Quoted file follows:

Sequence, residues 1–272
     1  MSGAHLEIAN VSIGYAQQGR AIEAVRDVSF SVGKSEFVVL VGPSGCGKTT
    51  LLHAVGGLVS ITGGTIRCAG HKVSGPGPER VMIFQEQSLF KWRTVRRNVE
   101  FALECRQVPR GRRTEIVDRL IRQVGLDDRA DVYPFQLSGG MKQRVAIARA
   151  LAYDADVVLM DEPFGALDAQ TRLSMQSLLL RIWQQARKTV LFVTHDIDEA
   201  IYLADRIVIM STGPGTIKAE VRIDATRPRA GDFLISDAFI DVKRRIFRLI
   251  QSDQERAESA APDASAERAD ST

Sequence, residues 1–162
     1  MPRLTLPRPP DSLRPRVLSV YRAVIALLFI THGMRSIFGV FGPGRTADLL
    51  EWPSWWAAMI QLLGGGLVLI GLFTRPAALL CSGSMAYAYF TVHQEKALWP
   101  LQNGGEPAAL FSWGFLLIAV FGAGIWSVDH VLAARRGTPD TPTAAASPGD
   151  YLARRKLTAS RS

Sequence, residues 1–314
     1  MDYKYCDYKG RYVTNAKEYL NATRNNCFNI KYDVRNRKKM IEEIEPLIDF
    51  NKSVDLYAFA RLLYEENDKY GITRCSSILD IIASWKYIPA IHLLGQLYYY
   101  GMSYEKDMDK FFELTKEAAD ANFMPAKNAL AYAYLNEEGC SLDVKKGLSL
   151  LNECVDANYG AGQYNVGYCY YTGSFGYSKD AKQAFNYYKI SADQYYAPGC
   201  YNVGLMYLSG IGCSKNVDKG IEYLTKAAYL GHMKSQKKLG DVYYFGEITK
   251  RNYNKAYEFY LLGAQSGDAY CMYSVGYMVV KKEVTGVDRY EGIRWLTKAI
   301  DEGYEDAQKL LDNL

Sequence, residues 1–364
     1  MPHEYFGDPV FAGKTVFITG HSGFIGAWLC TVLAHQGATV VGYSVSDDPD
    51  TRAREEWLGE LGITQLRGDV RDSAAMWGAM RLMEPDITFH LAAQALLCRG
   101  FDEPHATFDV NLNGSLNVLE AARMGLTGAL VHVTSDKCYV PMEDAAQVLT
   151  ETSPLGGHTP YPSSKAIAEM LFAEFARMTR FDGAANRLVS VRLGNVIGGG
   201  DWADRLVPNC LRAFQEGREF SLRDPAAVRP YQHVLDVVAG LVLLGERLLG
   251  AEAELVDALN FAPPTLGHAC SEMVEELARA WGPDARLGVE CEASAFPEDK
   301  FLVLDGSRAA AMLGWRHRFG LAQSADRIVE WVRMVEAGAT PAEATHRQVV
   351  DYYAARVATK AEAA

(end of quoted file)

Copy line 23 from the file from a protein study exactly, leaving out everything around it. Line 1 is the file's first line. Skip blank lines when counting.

    51  TRAREEWLGE LGITQLRGDV RDSAAMWGAM RLMEPDITFH LAAQALLCRG